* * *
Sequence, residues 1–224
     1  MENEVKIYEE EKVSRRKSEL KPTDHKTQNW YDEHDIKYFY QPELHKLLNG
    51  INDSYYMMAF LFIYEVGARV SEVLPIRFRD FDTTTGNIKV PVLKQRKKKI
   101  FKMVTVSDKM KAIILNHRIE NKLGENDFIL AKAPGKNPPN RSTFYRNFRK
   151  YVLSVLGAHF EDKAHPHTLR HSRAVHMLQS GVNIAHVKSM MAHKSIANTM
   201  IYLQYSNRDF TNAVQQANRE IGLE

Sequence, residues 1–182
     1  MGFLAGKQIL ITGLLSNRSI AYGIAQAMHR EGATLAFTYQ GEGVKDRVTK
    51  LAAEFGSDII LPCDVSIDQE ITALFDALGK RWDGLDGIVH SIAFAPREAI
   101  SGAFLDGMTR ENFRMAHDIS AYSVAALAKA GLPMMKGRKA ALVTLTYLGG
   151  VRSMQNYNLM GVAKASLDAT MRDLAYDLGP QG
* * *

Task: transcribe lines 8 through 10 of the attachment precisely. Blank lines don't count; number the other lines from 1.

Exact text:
     1  MGFLAGKQIL ITGLLSNRSI AYGIAQAMHR EGATLAFTYQ GEGVKDRVTK
    51  LAAEFGSDII LPCDVSIDQE ITALFDALGK RWDGLDGIVH SIAFAPREAI
   101  SGAFLDGMTR ENFRMAHDIS AYSVAALAKA GLPMMKGRKA ALVTLTYLGG